Sun yinan, Sun yinan - Imaginechina
--FILE--Chinese science fiction writer Liu Cixin laughs at a forum of the 2014 Nebula Award for Global Chinese Science Fiction in Beijing, China, 1 November 2014. Chinese sci-fi fans rejoice! Liu Cixin, author of The Three-Body Problem, just took home the most prestigious science fiction award in the world. Winning the Hugo Award for Best Novel, becoming the first Chinese author to do so. The book's translator, noted Chinese-American science fiction writer Ken Liu, accepted the award on the author's behalf. Since 1953, the Hugo Awards has been recognizing the best science fiction and fantasy works published in English each year, and this is the first time a non-white author has won the award for best novel. It's also the first translated novel to win. The Three-Body Problem was first serialized in a Chinese sci-fi magazine in 2006. From there it's grown into massive trilogy encompassing everything from the Cultural Revolution to other worlds that has enthralled millions of Chinese readers. The English version of the trilogy's first book was published in 2014. The second book, The Dark Forest hit stores this summer while the finale Death's End will be out in January 2016.

Science fiction has changed a lot since 1960s sci-fi authors like Robert Heinlein and Arthur C. Clarke were perfecting the craft and winning Hugo Awards — the highest honor for a sci-fi or fantasy writer.

How much sci-fi should change was the crux of a bitter battle at this year's Hugos fought between a conservative clatch of authors and fans of sci-fi's new direction that includes black authors and themes like gender and race issues.

Some author activists, nicknamed "Sad Puppies" in the media, objected to what they call a creeping liberal agenda that they say taints the genre with certain political ideologies that they argue have no place in sci-fi.

"A few decades ago, if you saw a lovely spaceship on a book cover ... you could be pretty sure you were going to get a rousing space adventure featuring starships and distant, amazing worlds," "Puppy" author Brad Torgersen wrote on his blog. "The book has a spaceship on the cover, but is it really going to be a story about space exploration and pioneering derring-do? Or is the story merely about racial prejudice and exploitation?"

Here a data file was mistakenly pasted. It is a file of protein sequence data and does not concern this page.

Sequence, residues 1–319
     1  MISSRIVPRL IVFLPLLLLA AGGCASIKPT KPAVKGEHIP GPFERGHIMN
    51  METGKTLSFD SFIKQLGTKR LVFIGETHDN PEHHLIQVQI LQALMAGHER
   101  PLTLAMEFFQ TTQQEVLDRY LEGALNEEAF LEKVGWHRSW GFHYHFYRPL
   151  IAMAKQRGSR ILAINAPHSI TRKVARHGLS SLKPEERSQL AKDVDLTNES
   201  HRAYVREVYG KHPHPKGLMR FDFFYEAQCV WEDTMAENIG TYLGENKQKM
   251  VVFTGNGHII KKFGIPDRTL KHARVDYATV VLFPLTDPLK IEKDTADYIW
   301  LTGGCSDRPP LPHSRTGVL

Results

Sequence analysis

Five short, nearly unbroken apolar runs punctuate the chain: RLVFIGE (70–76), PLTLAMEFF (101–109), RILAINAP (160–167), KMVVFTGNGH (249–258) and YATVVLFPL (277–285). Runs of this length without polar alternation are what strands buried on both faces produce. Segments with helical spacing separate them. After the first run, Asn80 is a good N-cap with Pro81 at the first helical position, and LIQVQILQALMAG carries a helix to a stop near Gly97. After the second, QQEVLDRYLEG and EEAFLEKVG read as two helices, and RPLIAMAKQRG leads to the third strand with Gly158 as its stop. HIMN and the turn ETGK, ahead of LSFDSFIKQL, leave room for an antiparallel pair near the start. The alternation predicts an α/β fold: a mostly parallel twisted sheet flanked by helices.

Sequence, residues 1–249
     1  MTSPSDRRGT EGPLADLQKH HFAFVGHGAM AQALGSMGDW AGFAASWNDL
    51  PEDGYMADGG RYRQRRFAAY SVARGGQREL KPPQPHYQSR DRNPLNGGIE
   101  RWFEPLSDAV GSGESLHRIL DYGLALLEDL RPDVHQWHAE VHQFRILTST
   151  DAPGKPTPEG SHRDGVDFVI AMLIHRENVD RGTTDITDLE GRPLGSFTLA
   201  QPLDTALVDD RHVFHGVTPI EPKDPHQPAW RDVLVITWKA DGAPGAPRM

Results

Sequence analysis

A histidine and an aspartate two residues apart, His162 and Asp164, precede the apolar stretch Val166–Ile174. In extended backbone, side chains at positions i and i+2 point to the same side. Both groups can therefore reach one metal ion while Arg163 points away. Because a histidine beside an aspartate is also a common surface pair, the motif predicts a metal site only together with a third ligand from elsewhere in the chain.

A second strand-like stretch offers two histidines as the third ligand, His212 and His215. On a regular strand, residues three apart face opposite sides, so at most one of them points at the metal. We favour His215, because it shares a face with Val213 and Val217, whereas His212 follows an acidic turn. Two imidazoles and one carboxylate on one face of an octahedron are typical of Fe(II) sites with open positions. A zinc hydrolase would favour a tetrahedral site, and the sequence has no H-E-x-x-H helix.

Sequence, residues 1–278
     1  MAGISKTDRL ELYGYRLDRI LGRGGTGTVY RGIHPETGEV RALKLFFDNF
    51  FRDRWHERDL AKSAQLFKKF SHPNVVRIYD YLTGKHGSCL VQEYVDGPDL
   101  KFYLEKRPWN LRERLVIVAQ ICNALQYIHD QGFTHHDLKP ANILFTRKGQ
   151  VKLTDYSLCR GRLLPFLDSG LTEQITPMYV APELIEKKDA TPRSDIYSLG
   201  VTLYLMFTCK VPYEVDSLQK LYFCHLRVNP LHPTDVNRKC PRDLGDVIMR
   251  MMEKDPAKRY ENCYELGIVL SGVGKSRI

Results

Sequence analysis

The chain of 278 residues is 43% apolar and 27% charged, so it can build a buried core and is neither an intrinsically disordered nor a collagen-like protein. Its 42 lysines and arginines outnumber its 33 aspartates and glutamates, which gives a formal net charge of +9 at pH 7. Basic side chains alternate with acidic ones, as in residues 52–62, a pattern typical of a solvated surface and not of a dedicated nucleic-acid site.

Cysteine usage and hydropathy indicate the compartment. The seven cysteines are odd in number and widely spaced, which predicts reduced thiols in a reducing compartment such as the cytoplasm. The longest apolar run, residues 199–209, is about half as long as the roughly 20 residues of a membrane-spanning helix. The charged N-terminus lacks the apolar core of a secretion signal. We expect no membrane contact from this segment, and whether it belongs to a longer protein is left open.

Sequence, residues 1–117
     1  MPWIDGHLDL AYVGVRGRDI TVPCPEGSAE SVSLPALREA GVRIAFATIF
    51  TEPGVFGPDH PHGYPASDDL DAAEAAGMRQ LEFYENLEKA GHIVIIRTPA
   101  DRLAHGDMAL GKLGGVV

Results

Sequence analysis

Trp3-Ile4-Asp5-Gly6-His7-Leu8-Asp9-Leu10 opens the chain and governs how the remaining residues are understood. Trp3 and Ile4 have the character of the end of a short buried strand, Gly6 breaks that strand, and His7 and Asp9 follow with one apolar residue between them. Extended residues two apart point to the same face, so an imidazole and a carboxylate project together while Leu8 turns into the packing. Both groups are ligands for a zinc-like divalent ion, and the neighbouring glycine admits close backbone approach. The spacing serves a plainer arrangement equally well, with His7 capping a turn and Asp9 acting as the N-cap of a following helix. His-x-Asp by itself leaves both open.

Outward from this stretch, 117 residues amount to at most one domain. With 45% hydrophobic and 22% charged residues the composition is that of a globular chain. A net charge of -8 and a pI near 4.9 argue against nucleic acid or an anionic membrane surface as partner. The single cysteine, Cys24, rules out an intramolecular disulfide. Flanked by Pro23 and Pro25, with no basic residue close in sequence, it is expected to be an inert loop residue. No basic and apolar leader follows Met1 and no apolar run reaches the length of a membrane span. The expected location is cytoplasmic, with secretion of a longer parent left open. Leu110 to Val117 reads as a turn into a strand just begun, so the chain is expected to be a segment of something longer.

Torgersen's rallying cry was heard and many of his recommendations made up the Hugo ballot. In response, past high-profile Hugo winners like George RR Martin said the conservative, puritanical campaign against sci-fi and black fantasy authors or expanded themes threatened to leave the Hugos "broken."

Sci-fi fans listened, as Wired reported this week — voting in droves for Chinese sci-fi author Liu Cixin to win best novel and opting for "no award" choices in categories like best novella and best short story that boasted Torgersen's recommendations.

"With so much at stake, more people than ever forked over membership dues in time to be allowed to vote for the 2015 Hugos," Wired reported. "Before voting closed on June 31, 5,950 people cast ballots (a whopping 65 percent more than had ever voted before)."

This year's Hugos, for winning writers like Laura J. Mixon, put the awards and the future of science fiction back squarely where it belongs: in the hands of the fans who read it.

"There’s room for all of us here," Mixon said in her acceptance speech for best fan writer. "But there’s no middle ground between ‘We belong here’ and ‘No you don’t.’"

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